|I will have been reading for at least two hours before dinner tonight.
The Present Tenses
- Simple Present – we use it when an action is happening right now, or when it happens regularly.
Example: Emma likes tea.
- Present Progressive – indicates that an action or condition is happening now.
Example: They are swimming in the pool right now.
- Present Perfect – is used for past actions that are related to or continue into the present.
Example: They have come a long way.
- Present Perfect Progressive – shows that something started in the past and is continuing at the present time.
Example: I haven’t been feeling well lately. (And I am still sick now.)
- Simple Past – is used to talk about things that happened or existed before now.
Example: He won the silver medal at the Olympics.
- Past Progressive – it refers to a continuing action or state that was happening at some point in the past.
Example: I was making dinner when John arrived.
- Past Perfect – is used to talk about actions that were completed before some point in the past.
Example: I went back to the house and saw that the mail had been laid on the grass.
- Past Perfect Progressive – it shows that an action which started in the past, continued up until another time in the past.
Example: The dog had been drinking milk out of the bowl, when Mom walked into the kitchen.
The Future Tenses
- Simple Future – it’s used to talk about things that haven’t happened yet.
Example: This year, Maggie will read Harry Potter.
- Future Progressive – shows an action happening over a period of time in the future.
Example: I will be dancing all night.
- Future Perfect – is used for actions that will be completed before some other point in the future.
Example: The movie will have ended by the time Julie gets to the cinema.
- Future Perfect Progressive – it describes actions that will continue up until a point in the future.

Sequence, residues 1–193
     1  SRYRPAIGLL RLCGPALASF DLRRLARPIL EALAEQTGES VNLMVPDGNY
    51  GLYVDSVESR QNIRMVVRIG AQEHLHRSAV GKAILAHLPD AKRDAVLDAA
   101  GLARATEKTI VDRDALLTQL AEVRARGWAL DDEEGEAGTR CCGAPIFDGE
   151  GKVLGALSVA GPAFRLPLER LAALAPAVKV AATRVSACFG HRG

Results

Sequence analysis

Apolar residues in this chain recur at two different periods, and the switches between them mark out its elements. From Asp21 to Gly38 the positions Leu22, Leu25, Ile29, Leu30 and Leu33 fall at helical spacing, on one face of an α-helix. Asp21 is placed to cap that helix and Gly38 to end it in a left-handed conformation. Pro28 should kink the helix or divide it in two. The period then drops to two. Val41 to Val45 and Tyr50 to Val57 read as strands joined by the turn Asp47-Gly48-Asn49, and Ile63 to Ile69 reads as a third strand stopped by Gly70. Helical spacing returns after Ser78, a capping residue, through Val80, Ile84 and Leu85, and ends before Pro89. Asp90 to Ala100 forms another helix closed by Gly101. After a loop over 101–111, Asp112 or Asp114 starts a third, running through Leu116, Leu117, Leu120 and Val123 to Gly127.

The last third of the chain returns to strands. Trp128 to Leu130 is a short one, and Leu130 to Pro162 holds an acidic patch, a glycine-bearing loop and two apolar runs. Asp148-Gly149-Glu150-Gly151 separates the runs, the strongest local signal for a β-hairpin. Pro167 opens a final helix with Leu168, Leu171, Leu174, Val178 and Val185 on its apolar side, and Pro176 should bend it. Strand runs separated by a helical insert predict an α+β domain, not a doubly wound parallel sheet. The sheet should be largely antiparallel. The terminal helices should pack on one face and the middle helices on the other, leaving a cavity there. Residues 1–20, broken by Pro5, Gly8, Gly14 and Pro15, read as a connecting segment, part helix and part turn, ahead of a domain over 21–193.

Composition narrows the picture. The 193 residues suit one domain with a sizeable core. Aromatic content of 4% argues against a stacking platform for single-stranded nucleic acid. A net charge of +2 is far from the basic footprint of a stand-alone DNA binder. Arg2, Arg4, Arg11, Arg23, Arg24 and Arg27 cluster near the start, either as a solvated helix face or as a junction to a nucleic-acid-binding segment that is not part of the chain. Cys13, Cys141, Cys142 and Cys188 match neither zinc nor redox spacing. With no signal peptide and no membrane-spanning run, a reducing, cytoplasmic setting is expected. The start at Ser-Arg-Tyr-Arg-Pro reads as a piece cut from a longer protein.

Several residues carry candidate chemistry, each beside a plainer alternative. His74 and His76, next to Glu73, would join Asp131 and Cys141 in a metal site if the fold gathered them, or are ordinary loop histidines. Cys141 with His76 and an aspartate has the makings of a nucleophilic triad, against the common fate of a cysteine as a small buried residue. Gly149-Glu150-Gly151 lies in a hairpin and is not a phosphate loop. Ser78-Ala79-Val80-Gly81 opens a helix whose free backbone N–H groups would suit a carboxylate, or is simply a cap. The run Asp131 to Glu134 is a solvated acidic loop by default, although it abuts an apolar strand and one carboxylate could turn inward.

Example: In September, I will have been working at my company for five years.
How many types of tenses should kids use?
Knowing all the 12 English verb tenses is more than enough to communicate with English speakers in most real-life situations. Please note that there is really no point in trying to understand the rules of 12 English verb tenses all at once.
Usually, learning English is a long process that starts in your child’s early age and finishes around college. So it’s natural that some easier English tenses are introduced to the beginners, while others are being taught at the intermediate or upper intermediate level. The key to understanding English tenses is patience and consistency in learning.
If your kid just starts learning English, we recommend starting with the Present Simple and Present Continuous tenses, then move on to Past Simple, Past Continuous, Future Simple and Future Continuous. If these six tenses are well understood by your kid, you can move on to the Perfect and Perfect Continuous group of tenses. The Future Continuous and Future Perfect Continuous tenses are some of the most difficult to explain to most foreigners, and the probability of using them in real life conversation with an English speaker is quite low.
The beginner, easy tense chart for kids can look like this. You can easily make one on your own, while repeating the knowledge your kid already has.